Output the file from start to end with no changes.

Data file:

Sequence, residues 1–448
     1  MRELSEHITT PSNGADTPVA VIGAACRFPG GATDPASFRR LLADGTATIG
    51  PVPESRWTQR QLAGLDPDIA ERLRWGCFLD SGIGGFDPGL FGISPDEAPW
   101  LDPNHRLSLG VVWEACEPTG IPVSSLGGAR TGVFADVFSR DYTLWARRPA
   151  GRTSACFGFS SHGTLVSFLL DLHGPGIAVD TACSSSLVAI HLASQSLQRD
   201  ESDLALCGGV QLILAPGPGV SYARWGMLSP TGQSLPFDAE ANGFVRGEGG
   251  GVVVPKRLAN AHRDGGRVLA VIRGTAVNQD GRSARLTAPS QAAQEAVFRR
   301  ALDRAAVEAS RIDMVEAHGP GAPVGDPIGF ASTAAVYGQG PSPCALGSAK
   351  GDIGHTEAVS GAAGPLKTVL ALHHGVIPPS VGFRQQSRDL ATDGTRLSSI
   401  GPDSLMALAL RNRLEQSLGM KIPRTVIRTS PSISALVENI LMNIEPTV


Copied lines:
Sequence, residues 1–448
     1  MRELSEHITT PSNGADTPVA VIGAACRFPG GATDPASFRR LLADGTATIG
    51  PVPESRWTQR QLAGLDPDIA ERLRWGCFLD SGIGGFDPGL FGISPDEAPW
   101  LDPNHRLSLG VVWEACEPTG IPVSSLGGAR TGVFADVFSR DYTLWARRPA
   151  GRTSACFGFS SHGTLVSFLL DLHGPGIAVD TACSSSLVAI HLASQSLQRD
   201  ESDLALCGGV QLILAPGPGV SYARWGMLSP TGQSLPFDAE ANGFVRGEGG
   251  GVVVPKRLAN AHRDGGRVLA VIRGTAVNQD GRSARLTAPS QAAQEAVFRR
   301  ALDRAAVEAS RIDMVEAHGP GAPVGDPIGF ASTAAVYGQG PSPCALGSAK
   351  GDIGHTEAVS GAAGPLKTVL ALHHGVIPPS VGFRQQSRDL ATDGTRLSSI
   401  GPDSLMALAL RNRLEQSLGM KIPRTVIRTS PSISALVENI LMNIEPTV